• There are a range of teacher-led and children-led activities.
  • The focus is always to create an enabling environment that supports and includes all the children.
  • Throughout, the children are provided with clear expectations of appropriate outcomes.

What are the key features of context, content and activities that are enabling those positive outcomes?

  • The music coordinator has a supportive senior management, colleagues, parents and governors.
  • The music coordinator has worked at the school for many years as a class teacher, as well as specialist music teacher, and so she is well known and respected within the school community.
  • Children are confident that the music coordinator values their ideas and aims to support them in what they want to achieve musically.

What other factors in this case are contributing to those positive outcomes?

  • The music coordinator provides a range of opportunities to make and perform music, both in school in and also in the local community.
  • The music coordinator has set up a programme for whole class instrumental and vocal tuition (WCVIT).
  • The music coordinator set up an instrumental teaching 'Music Club' 8 years ago and now 50% of KS2 pupils have instrumental lessons in school – violin, guitar, electric bass guitar, flute, clarinet, trumpet, trombone, saxophone, piano, drum kit lessons are on offer.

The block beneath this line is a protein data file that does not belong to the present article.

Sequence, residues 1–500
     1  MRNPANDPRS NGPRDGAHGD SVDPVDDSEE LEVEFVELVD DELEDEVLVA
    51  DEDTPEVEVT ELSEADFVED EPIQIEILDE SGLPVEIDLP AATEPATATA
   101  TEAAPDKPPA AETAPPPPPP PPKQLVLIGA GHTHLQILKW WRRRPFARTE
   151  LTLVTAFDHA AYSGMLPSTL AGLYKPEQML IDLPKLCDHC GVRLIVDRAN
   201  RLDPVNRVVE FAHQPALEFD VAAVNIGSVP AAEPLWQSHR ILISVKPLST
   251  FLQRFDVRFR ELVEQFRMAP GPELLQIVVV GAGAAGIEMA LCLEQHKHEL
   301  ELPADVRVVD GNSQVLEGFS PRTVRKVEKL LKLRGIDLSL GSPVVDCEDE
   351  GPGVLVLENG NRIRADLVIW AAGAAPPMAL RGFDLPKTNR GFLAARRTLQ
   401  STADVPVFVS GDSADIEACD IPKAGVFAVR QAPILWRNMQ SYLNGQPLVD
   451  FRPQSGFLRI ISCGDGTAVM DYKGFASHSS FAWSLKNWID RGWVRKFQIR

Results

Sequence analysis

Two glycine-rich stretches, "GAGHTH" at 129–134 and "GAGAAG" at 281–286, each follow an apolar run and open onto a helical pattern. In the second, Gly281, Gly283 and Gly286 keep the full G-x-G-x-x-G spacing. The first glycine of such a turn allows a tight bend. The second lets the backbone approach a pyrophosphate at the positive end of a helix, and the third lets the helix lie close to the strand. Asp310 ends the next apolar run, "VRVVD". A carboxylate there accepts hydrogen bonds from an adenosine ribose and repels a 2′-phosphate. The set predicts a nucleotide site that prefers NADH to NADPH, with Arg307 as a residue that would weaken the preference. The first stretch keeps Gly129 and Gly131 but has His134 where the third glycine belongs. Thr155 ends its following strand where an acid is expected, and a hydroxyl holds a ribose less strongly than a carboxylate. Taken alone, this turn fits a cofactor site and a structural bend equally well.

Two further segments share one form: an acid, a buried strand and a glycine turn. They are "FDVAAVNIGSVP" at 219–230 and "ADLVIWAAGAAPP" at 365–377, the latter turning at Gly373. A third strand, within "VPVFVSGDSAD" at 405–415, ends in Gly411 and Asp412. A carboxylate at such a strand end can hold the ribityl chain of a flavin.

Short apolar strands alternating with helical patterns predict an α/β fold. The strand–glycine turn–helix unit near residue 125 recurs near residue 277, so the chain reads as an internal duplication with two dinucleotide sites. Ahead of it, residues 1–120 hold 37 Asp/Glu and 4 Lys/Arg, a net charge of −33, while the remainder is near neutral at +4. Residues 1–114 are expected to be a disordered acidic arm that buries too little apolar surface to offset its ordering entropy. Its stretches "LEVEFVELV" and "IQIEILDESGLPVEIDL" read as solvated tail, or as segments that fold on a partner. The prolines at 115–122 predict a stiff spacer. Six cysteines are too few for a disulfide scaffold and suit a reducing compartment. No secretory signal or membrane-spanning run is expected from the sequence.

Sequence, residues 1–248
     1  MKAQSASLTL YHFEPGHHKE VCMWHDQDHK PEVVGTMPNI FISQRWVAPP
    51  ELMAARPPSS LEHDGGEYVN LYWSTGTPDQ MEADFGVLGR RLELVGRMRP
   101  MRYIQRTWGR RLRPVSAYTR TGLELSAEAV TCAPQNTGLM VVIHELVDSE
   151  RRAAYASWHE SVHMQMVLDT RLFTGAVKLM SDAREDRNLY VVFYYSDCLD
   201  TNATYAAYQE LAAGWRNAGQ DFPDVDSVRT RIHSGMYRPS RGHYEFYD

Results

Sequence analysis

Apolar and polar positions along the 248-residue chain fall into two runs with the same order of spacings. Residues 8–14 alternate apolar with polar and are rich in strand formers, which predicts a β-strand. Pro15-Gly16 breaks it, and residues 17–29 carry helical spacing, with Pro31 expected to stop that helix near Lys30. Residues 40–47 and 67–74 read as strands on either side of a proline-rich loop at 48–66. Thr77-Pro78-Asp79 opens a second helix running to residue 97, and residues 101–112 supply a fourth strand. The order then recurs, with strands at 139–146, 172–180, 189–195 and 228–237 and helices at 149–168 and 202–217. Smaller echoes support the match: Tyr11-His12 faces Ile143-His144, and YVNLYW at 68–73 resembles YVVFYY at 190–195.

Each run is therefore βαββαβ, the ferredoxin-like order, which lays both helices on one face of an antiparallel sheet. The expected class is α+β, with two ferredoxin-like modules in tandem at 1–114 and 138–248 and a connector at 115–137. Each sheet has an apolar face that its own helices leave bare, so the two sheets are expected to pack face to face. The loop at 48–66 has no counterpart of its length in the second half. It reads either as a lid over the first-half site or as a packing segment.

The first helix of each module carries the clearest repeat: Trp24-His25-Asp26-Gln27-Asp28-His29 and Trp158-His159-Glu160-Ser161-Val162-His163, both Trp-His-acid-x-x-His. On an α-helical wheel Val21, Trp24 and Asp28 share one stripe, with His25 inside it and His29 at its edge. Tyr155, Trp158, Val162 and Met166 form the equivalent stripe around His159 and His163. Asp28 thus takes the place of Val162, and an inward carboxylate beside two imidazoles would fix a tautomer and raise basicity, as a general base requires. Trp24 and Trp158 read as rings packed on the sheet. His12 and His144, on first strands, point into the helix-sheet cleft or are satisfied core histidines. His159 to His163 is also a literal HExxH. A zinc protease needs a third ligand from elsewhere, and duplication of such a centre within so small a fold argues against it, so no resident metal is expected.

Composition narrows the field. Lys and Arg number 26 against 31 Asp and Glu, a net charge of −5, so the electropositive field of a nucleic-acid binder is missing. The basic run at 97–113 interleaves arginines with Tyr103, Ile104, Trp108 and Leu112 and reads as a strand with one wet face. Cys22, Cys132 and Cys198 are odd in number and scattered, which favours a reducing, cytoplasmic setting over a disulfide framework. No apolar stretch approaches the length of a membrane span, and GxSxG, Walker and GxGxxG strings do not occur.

• Instrumental pupils are actively encouraged to use their instruments in class music curriculum sessions, in assemblies, in extra and extended curriculum activities

How replicable or adaptable is it?

  • The unit of work is an example of an integrated approach to teaching the National Curriculum in an inclusive and creative way that can be replicated elsewhere with appropriate whole school commitment and support.
  • The composing process can be replicated elsewhere.
  • Activity ideas can also be replicated and adapted.

Content of the case study

The case study includes

  • an edited video showing progression through 4 lessons;
  • written lesson plans and resources; and
  • questions to support children's composing and appraising.

Starting from the Music